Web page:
In the process group, after its beginning and subsequent development there comes an atmosphere of permission to ask, contribute, listen and explore the facts and the relationships within the group. They find in themselves a permission to be or to prove themselves through truer behaviors giving expression to their perceptions of intimate forum. Participants initially cautious go to check their impressions with each other regarding how their emotions and behaviors are perceived by others. In a climate free of social intimidation and psychological pressure, they promote a better understanding among themselves through their real limitations and qualities in the relationship with individuals and groups, allowing each participant a greater acceptance of their possibilities and functions in groups.

One places great convictions in the results of the work under the procedures of the Group Dynamics, with a practice looking towards learning of new behaviors. Through reflections originating from the protected experiences, because of the relationships in the group process, where there are going to be discoveries between the relations lived in the group and the individual's relationship with himself and with other groups of his existence.

In fact, Group Dynamics, and its development provides an opportunity for participants to acquire more clarity in relation to themselves, through their behavior with others. As, in the role of participant-observer, being encouraged to experiment with new behaviors and new solutions for their interpersonal relationships, he has just become aware of himself, reaffirming or not his fundamental values which establish their behavior.

2.2 - The group development, its management and Hegel's ideas

We believe that through a protected environment in the training groups in organizations, you can learn to talk to each other about the feelings we have. In addition, participants may move more quickly to a deeper level of awareness and disclosure and reach the feelings that are causing conflict and disagreement intrapersonal or interpersonal and also get a better understanding of himself.

According to my understanding of Hegel, the evolutionary path of consciousness happens as from the perception comes through sensitive consciousness and reaches understanding of what was captured by the sensitivity to reach certainty in itself and then walk towards the Absolute.

What constitutes thought is the immediate, it is what is captured by the perception due to the fact that there are no separate identities, I. e., the fact is linked to the Absolute and the Absolute is transparent in itself.

We understand that for Hegel, the inter-relationship between subject and object modifies consciousness. Therefore, if there is a change in the subject or object, consciousness will receive and there will be a defect in one of the two. The objects will only exist for consciousness to the extent that they appear and are perceived.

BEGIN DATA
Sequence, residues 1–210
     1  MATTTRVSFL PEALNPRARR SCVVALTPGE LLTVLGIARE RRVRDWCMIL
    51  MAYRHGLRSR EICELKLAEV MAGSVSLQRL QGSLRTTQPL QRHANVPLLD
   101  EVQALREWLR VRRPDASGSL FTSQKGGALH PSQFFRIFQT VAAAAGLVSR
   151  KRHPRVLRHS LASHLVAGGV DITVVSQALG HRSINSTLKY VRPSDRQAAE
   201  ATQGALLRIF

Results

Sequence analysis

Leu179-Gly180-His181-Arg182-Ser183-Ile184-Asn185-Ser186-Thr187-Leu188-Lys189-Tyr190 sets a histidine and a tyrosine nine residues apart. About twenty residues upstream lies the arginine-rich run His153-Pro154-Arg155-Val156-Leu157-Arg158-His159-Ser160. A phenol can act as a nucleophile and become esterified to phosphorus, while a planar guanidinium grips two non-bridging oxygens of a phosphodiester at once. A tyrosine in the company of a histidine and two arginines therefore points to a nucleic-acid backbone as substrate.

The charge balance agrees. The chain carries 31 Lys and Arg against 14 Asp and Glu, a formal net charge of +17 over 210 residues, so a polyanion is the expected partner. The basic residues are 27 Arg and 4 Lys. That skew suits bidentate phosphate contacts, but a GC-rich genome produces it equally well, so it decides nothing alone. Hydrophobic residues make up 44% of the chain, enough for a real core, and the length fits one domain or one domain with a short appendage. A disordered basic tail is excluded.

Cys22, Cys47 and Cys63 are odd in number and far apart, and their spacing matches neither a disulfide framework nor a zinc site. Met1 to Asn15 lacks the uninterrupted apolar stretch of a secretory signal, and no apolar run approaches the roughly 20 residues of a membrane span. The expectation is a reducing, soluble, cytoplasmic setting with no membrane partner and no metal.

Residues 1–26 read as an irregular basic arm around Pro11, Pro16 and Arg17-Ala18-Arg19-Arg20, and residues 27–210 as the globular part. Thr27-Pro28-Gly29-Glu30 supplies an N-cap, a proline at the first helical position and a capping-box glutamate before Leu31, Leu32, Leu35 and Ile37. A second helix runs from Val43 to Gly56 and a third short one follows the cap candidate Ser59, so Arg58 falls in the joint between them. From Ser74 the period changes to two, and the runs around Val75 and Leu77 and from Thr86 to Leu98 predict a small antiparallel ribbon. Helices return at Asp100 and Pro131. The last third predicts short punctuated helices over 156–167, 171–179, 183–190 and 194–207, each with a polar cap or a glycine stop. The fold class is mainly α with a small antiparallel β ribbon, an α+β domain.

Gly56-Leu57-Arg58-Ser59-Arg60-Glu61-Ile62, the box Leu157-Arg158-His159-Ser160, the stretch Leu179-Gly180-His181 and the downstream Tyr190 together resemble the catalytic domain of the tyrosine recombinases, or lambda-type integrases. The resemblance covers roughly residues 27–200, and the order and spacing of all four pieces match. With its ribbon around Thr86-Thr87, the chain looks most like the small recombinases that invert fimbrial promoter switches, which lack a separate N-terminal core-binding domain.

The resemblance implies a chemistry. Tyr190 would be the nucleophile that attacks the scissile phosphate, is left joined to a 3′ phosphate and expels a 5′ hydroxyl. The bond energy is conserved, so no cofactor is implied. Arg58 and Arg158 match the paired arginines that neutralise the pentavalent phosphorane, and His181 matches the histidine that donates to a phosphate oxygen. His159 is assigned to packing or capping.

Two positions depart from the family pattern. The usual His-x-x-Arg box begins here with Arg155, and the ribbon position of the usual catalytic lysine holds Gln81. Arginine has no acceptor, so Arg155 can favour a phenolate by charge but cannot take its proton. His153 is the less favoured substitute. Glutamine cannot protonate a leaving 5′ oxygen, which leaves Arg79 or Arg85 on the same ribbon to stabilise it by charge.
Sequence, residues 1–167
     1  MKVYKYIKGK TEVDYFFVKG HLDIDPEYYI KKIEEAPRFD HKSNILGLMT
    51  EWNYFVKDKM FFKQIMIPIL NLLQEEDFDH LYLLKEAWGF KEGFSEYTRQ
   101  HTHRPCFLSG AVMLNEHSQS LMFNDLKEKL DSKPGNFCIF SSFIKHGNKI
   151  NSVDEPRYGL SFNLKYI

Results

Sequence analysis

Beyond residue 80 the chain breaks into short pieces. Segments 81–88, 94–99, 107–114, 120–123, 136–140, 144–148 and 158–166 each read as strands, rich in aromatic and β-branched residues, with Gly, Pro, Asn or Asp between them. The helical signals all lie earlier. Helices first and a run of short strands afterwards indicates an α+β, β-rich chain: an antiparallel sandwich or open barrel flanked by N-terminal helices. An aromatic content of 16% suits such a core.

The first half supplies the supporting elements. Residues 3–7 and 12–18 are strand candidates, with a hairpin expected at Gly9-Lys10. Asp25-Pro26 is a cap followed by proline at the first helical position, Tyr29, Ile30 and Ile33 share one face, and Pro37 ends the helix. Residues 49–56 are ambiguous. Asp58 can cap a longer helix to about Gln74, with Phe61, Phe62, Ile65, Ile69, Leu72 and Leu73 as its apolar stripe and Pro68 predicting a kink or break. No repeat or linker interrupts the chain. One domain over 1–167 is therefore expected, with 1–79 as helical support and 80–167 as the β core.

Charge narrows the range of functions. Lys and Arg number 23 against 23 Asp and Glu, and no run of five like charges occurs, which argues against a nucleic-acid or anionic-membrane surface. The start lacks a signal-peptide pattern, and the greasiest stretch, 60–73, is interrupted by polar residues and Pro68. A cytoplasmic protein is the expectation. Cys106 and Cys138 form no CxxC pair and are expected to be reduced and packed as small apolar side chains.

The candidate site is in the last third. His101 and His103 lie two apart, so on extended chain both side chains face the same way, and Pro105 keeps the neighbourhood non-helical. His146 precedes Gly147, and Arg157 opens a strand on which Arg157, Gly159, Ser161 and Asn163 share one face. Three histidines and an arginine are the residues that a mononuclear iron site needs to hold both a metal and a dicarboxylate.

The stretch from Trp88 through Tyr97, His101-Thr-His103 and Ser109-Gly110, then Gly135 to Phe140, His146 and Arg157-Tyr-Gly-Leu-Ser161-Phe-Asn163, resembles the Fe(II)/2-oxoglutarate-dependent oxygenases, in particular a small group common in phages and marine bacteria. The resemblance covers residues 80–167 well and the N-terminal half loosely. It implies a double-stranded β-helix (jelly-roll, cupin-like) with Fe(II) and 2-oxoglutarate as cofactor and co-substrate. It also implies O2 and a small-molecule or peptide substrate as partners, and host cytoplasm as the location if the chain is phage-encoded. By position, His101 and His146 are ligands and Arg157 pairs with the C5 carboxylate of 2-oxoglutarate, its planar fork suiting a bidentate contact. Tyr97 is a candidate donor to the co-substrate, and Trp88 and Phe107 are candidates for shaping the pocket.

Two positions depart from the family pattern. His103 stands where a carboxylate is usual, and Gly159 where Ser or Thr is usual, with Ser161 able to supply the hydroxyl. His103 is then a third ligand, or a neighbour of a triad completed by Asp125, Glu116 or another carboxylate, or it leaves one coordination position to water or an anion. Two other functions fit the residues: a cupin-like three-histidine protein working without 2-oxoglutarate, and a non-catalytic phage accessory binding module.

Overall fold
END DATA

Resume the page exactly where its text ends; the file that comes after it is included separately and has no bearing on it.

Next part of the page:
To be aware presupposes a being in action, so awareness is the relationship, it is the act, suggests dynamism, change, the being is mutable. The subject takes on all the knowledge about the phenomena, which in fact involves the knowledge about one's self. For Hegel, subjectivity is the other of objectivity, I. e., I am a subject to myself as for the other I am a subject, the other is subject to himself and as for me he is object.

Therefore, in Hegel man is at the same time, both consciousness and conscience in itself, he relates to things and with others through the mediation of thought. It is therefore the capacity of reason that man goes out of immediate and sensible knowledge, walking towads the concept; therefore, the self is constituted by reason.

If our worldview is constitutive of consciousness and determined by the phenomena, we can infer that the relationship between the empirical world with the rational world is the world of phenomena, understanding by phenomena, everything whatever appears to manifest itself or is revealed. The world is phenomenon and the phenomenon is the knowledge we have of it.

Thus we conclude that for Hegel, the process of formation of conscience contemplates the essence of the phenomenon is the phenomenon itself in its manifestation, because for him, the reality is apprehended as it is manifested, there is no substance behind. The essence is simultaneous to existence and Absolute knowledge is to know one's self as consciousness, I. e., to understand oneself as a spiritual reality.

This form of Hegel to present the formation of consciousness through a dynamic structure philosophically supports the behavior of those dynamic conducted drivers in group dynamics and also as therapists in the therapy groups, where one should consider a person and his environment as a standard of interdependent factors and functions in order to understand their behavior.